Thai Airways International Public Company Limited and its Subsidiary For the years ended September 30, 2005 and 2004

Statements of Income

Unit : Baht CONSOLIDATED 2005

THE COMPANY 2004

2005

(restated)

2004

(restated)

Revenues from the Sale of Goods and the Rendering of Services Passenger and excess baggage Freight

129,233,824,463

122,466,283,429

129,233,824,463

122,466,283,429

24,418,612,793

22,250,415,100

24,418,612,793

22,250,415,100

Mail

1,079,260,295

994,103,330

1,079,260,295

994,103,330

Other activities

7,756,523,548

6,892,219,453

7,353,803,316

6,476,834,319

162,488,221,099

152,603,021,312

162,085,500,867

152,187,636,178

Personnel

28,853,278,446

26,555,656,336

28,828,349,652

26,534,523,626

Fuel and oil

46,100,717,282

30,717,794,695

46,100,717,282

30,717,794,695

Inventories and supplies

9,739,263,524

9,034,886,533

9,739,263,524

9,034,886,533

Lease of aircraft and spare parts

5,651,787,307

6,248,569,166

5,651,787,307

6,248,569,166

Flight operations

36,743,707,218

37,217,219,668

36,743,707,218

37,217,219,668

Depreciation

13,155,407,827

11,932,029,629

13,091,686,866

11,901,098,399

Marketing

3,825,361,177

3,527,019,934

3,783,193,305

3,484,039,536

Insurance

1,901,656,351

1,598,186,087

1,901,656,351

1,598,186,087

40,315,359

34,210,751

38,795,734

32,891,917

5,652,453,608

5,239,720,974

5,553,960,026

5,143,232,883

151,663,948,099

132,105,293,773

151,433,117,265

131,912,442,510

10,824,273,000

20,497,727,539

10,652,383,602

20,275,193,668

Total Revenues from the Sale of Goods and the Rendering of Services Operating expenses :

Remuneration to board of directors Other operating expenses Total operating expenses Profit from the Sale of Goods and the Rendering of Services

The accompanying notes are an integral part of these financial statements.

108

Thai Airways International Public Company Limited


Unit : Baht CONSOLIDATED Notes

2005

THE COMPANY 2004

2005

2004

(restated)

(restated)

Profits from the Sale of Goods and the Rendering of Services

10,824,273,000

20,497,727,539

10,652,383,602

20,275,193,668

Other Income Interest income Others

3.19

Total Other Income

362,678,738

336,472,250

361,888,601

335,761,123

2,070,679,905

954,907,098

2,067,564,496

951,725,974

2,433,358,643

1,291,379,348

2,429,453,097

1,287,487,097

(1,469,706,067)

2,178,950,117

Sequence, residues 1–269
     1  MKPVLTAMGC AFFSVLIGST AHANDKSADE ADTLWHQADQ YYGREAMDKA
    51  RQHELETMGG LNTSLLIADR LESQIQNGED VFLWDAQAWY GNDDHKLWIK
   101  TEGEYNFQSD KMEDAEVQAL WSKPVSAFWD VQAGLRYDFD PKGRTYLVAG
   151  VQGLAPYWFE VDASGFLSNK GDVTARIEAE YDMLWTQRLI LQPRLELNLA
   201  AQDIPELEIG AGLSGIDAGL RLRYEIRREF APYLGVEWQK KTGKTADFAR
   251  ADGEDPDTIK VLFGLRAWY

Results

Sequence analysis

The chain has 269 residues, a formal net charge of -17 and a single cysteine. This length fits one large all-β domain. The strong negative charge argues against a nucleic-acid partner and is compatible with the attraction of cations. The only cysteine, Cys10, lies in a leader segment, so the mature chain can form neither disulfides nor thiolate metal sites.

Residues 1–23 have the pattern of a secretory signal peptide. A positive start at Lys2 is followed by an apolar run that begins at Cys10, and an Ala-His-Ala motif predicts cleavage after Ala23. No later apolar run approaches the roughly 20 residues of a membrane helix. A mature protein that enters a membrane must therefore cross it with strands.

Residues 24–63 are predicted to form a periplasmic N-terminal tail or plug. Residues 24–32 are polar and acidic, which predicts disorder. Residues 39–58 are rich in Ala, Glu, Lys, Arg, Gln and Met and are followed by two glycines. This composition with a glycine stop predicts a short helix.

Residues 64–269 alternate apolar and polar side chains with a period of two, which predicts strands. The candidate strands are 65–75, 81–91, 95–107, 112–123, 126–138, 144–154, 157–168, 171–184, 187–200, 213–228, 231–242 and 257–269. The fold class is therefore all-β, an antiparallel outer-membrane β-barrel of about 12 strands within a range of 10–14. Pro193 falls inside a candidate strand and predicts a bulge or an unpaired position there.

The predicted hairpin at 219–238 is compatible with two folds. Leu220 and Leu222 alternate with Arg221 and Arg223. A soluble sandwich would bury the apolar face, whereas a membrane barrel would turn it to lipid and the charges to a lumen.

(1,469,706,067)

2,178,950,117

44,010,429

38,942,629

44,010,429

38,942,629

575,349,314

523,902,486

567,890,377

516,771,593

(850,346,324)

2,741,795,232

(857,805,261)

2,734,664,339

14,107,977,967

19,047,311,655

13,939,641,960

18,828,016,426

435,392

59,311,669

84,731,595

127,495,109

157,603,199

127,495,109

157,603,199

127,495,109

158,038,591

186,806,778

242,334,794

14,235,473,076

19,205,350,246

14,126,448,738

19,070,351,220

4,328,903,629

4,921,293,480

4,328,903,629

4,921,293,480

Other Expenses Losses (gains) on foreign currency exchange Yields from pension fund Others

3.20

Total Other Expenses Profits from Operations Share of Profits from Investments by the Equity Method Share of net profit from subsidiary companies

-

Share of net profit from associated companies Total Share of Profits from Investments by the Equity Method

3.6.1

Profits before Interest and Income Tax Expenses Interest expenses Income tax expenses Profits after Tax Net profit of minority interest Net profits Basic earnings per share

3,081,390,254

4,138,248,695

3,020,893,645

4,072,219,290

6,825,179,193

10,145,808,071

6,776,651,464

10,076,838,450

48,527,729

68,969,621

6,776,651,464

10,076,838,450

6,776,651,464

10,076,838,450

4.00

6.14

4.00

6.14

-

-

3.21

Net profits Diluted earnings per share

3.21

Net profits

4.00

-

4.00

-

The accompanying notes are an integral part of these financial statements.

(Signed) Somchainuk Engtrakul (Somchainuk Engtrakul)

(Signed) Ngamnit Sombutpibool (Ngamnit Sombutpibool)

Board of Director

Executive Vice President

Acting as President

Finance and Accounting

Annual Report 2005

109


Statements of Changes in Shareholders’ Equity